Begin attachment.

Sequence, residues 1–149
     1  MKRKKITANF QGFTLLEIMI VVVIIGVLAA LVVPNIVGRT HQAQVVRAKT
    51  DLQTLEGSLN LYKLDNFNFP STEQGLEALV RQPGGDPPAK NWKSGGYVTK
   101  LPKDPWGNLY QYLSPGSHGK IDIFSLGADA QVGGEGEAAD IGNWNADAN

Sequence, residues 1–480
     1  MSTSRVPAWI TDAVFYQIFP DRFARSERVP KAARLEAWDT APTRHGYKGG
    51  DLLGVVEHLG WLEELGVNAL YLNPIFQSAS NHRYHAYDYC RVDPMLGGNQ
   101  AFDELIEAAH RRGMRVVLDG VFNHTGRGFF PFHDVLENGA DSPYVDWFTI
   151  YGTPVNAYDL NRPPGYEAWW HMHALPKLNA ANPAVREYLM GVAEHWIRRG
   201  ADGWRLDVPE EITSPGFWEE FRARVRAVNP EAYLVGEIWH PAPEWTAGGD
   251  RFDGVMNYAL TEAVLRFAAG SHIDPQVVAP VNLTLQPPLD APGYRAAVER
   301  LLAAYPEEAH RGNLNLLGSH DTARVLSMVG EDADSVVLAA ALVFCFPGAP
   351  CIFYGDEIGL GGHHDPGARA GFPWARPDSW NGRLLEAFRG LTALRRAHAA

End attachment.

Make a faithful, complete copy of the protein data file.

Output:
Sequence, residues 1–149
     1  MKRKKITANF QGFTLLEIMI VVVIIGVLAA LVVPNIVGRT HQAQVVRAKT
    51  DLQTLEGSLN LYKLDNFNFP STEQGLEALV RQPGGDPPAK NWKSGGYVTK
   101  LPKDPWGNLY QYLSPGSHGK IDIFSLGADA QVGGEGEAAD IGNWNADAN

Sequence, residues 1–480
     1  MSTSRVPAWI TDAVFYQIFP DRFARSERVP KAARLEAWDT APTRHGYKGG
    51  DLLGVVEHLG WLEELGVNAL YLNPIFQSAS NHRYHAYDYC RVDPMLGGNQ
   101  AFDELIEAAH RRGMRVVLDG VFNHTGRGFF PFHDVLENGA DSPYVDWFTI
   151  YGTPVNAYDL NRPPGYEAWW HMHALPKLNA ANPAVREYLM GVAEHWIRRG
   201  ADGWRLDVPE EITSPGFWEE FRARVRAVNP EAYLVGEIWH PAPEWTAGGD
   251  RFDGVMNYAL TEAVLRFAAG SHIDPQVVAP VNLTLQPPLD APGYRAAVER
   301  LLAAYPEEAH RGNLNLLGSH DTARVLSMVG EDADSVVLAA ALVFCFPGAP
   351  CIFYGDEIGL GGHHDPGARA GFPWARPDSW NGRLLEAFRG LTALRRAHAA